The hard work starts now for Andy Murray, says Barry Cowan, as the top four clash in Melbourne.
Last Updated: 26/01/12 3:44pm
Aside from a few well-publicised flashpoints, the men's singles has been a relatively slow-burner so far in Melbourne.
All that's about to change as the top four square up to scrap over the title in the coming days; it is a mouth-watering prospect.
Roger Federer was immense in his victory over Juan Martin Del Potro - I'm very impressed with his form so far.
The Swiss has picked up from where he left off last year and has yet to drop a set in his bid to become only the second man (after Roy Emerson) to win the Australian Open five times.
The confidence he gained from finishing 2011 strongly has given him the impetus he needs and right now he looks like a man brimming with confidence.
The gap in class between him and Bernard Tomic - whose continuing rise to prominence is one of the stories of the tournament - was all too apparent.
This could well be the year that the Australian makes a sustained assault on the world's top 20 but he still has a long way to go to turn his undoubted talent into top-level titles.
Each aspect of your game needs to be working perfectly if you are to beat Federer and after tough matches against Sam Querrey and Alexandr Dolgopolov, Tomic simply didn't have enough in reserve.
But this is a fantastic learning experience for the 19-year-old. He's now played Federer twice and hopefully that will help him to identify the areas of his game that he needs to improve.
I was really disappointed that he disappeared after reaching the quarter-finals at Wimbledon last year because I feel he needs to prove he can knock on the door consistently against the best guys around.
Indian Wells and Miami are now really crucial tournaments for Tomic because I don't expect too much from him on the clay.
The tournament proper starts for Federer now.
We rarely learn much about him in the early rounds of a Grand Slam; instead we get an insight into where his game is at when he plays a Nadal or Djokovic. Can he find his best tennis when the match is on a knife edge?
His cause may well be helped by the hard-fought nature of Nadal's difficult quarter-final victory over Tomas Berdych - a match that lasted four hours, 16 minutes.
Nadal's progress has not come without its distractions.
His pre-tournament criticism of Federer, for 'failing to back his fellow pros' over the amount of tennis they play (comments he has tried to clarify) makes an intriguing semi-final sub-text, while his comments about umpires being too reliant on Hawk-Eye have likewise put him in the middle of another controversial debate.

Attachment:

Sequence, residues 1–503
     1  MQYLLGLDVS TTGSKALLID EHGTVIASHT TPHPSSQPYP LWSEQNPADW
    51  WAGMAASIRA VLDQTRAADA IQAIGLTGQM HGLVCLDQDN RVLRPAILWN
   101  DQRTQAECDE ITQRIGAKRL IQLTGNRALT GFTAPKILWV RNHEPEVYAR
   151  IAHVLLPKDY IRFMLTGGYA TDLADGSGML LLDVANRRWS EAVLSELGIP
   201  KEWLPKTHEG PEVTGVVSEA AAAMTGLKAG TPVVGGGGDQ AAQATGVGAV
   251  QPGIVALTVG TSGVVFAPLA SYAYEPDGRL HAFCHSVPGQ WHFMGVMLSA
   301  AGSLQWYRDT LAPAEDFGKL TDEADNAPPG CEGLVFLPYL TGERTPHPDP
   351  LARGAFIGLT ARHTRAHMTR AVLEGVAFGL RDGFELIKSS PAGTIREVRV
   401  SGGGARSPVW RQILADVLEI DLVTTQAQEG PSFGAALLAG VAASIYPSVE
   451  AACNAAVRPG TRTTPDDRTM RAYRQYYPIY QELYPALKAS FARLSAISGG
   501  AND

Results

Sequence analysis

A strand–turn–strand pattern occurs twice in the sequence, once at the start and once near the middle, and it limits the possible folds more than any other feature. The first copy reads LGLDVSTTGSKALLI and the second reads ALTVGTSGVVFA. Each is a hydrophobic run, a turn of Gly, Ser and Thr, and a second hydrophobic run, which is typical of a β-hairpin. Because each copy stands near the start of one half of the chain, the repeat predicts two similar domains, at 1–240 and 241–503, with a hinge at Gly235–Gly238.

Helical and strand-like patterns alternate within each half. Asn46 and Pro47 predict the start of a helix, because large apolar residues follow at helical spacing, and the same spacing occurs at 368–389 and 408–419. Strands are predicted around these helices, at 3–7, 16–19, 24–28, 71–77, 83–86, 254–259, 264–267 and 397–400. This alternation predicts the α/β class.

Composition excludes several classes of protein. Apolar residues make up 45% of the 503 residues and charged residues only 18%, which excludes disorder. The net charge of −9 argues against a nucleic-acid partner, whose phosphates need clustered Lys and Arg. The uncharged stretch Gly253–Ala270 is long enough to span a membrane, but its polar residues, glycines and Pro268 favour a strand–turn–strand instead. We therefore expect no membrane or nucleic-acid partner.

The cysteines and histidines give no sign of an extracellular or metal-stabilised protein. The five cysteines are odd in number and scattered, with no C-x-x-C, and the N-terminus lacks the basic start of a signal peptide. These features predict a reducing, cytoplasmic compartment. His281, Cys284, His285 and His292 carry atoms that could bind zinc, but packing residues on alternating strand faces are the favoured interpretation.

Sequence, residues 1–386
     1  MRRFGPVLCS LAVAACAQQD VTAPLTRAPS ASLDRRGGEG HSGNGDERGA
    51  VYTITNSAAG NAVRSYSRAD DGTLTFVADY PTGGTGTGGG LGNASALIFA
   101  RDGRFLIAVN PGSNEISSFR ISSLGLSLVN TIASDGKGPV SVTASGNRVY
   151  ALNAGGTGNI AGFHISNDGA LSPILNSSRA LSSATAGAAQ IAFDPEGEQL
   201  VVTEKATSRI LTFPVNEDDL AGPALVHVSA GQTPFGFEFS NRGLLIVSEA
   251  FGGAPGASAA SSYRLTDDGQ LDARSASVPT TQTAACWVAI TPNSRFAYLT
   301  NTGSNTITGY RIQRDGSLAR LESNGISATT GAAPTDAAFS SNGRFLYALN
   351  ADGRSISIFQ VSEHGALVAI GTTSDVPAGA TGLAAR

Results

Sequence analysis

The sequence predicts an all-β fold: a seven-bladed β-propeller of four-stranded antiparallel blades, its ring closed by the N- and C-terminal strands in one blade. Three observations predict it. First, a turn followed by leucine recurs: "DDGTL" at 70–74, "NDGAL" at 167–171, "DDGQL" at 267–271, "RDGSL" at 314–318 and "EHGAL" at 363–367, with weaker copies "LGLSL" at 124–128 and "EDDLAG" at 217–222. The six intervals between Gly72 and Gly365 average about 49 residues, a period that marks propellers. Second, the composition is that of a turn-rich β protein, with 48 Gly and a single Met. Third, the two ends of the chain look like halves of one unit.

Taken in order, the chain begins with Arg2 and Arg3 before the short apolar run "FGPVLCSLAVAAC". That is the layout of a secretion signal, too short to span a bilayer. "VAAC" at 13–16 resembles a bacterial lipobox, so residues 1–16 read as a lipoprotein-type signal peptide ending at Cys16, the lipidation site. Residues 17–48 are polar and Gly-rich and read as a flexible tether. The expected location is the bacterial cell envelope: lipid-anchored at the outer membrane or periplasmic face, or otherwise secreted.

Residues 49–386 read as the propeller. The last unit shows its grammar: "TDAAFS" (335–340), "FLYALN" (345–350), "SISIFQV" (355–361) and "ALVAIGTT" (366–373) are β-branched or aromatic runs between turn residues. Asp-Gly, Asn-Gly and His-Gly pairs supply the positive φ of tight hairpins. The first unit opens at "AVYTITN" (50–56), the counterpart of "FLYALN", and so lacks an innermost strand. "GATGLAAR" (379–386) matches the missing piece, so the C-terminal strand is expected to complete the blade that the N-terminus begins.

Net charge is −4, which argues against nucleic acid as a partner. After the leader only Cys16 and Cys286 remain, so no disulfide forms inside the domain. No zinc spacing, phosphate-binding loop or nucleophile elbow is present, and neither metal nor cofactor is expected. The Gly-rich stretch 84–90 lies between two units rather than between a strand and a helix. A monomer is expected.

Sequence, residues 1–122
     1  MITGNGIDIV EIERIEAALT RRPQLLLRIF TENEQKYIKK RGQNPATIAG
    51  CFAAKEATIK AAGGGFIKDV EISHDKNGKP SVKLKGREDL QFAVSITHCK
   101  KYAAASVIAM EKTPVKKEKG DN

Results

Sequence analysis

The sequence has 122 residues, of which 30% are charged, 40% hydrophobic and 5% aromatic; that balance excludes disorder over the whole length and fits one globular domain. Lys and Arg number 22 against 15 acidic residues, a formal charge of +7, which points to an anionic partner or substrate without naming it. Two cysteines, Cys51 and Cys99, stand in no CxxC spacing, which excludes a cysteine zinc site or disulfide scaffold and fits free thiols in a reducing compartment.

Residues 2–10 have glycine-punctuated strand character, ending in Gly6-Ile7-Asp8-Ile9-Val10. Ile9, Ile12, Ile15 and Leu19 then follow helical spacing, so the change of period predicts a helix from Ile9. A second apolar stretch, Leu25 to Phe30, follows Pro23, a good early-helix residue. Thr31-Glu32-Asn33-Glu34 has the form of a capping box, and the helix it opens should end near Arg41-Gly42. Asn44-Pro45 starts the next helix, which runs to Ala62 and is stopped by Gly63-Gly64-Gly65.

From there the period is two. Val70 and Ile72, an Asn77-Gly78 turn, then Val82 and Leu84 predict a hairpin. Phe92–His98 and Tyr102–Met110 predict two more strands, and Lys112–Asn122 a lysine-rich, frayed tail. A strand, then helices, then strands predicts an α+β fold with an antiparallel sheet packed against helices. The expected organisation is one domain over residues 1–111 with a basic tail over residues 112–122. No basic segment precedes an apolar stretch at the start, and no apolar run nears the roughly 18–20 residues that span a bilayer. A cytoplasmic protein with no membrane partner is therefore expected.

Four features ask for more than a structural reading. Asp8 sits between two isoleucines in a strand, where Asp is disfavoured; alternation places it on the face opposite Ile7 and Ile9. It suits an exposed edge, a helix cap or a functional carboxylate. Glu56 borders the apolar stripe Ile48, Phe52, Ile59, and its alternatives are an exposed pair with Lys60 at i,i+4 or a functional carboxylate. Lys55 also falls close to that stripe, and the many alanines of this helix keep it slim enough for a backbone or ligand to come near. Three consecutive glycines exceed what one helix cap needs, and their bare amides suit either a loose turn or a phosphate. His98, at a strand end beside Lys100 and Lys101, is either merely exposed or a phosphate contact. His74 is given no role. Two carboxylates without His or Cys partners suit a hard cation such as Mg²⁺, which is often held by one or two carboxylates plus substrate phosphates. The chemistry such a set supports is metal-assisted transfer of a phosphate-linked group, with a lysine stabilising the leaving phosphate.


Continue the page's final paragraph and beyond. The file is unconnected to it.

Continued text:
I hope neither of those issues detract from his game because there's no question in my mind that Nadal would prefer to play Federer in the last four rather than Djokovic.
I don't doubt his desire or ability but with the mental damage he suffered at Djokovic's hands last year, I'm sure he'd rather come up against the World No1 in a lesser event rather than a Grand Slam final to build up a bit of confidence.
The fact that Nadal and Federer will contest their semi-final a day earlier gives them an additional 24 hours of rest before the final.
Not that Andy Murray or Dojokovic had to over-exert themselves to reach the last four.
Of the two, Djokovic endured by far the tougher challenge and David Ferrer did make life hard for him at times but he generally dictated play once he found his range.
All of the pressure was on Murray before his clash with Kei Nishikori; the Japanese is rightly talked about as a talented player. He is a great ball striker but someone who has been incredibly erratic and a little in-and-out emotionally at times.
He showed his ability last year by beating Djokovic in the semi-finals of the Swiss Indoors, although admittedly Djokovic wasn't at his best on that occasion, and again by overcoming Jo-Wilfried Tsonga in Australia.
I've heard a lot of people say that the next step for Tsonga is winning a Grand Slam but I don't see it because there are too many weaknesses in his game for the very best to exploit in the biggest matches.
On one given day he might be able to beat Federer, like he did at Wimbledon, but is he good enough to win two or three matches like that in a row? I'm not so sure.
Aside from Tomic, one of the other stories to catch my eye over the last week or so has been Lleyton Hewitt's longevity.
It's a real credit to his powers of fitness and enthusiasm that he is still playing at this level and to get through to the last 16 is nothing short of remarkable.
Five years ago Hewitt would have been really disappointed with himself if he'd reached the last 16 and gone no further but at the age of 30 the former World No 1 deserves every plaudit that comes his way for getting so far. To play as a wildcard after having won Grand Slams speaks volumes for his passion and pride.
Those are qualities that Kim Clijsters and Petra Kvitova also possess in abundance.
After saving four match points and shrugging of an ankle problem to beat Na Li, Clijsters has now knocked out Caroline Wozniacki - a result that has cost the Dane her World No 1 ranking.
Martina Navratilova, no less, has made it clear that she believes the top spot belongs to Kvitova and it's hard to disagree.
The Czech has pretty much every shot in the game and a powerful range of strokes; she has learned to talk a good game and is determined not to let speculation about who will claim the No 1 spot distract her. That's as good a sign as any that she will get there, if not this weekend, then at some point in the future.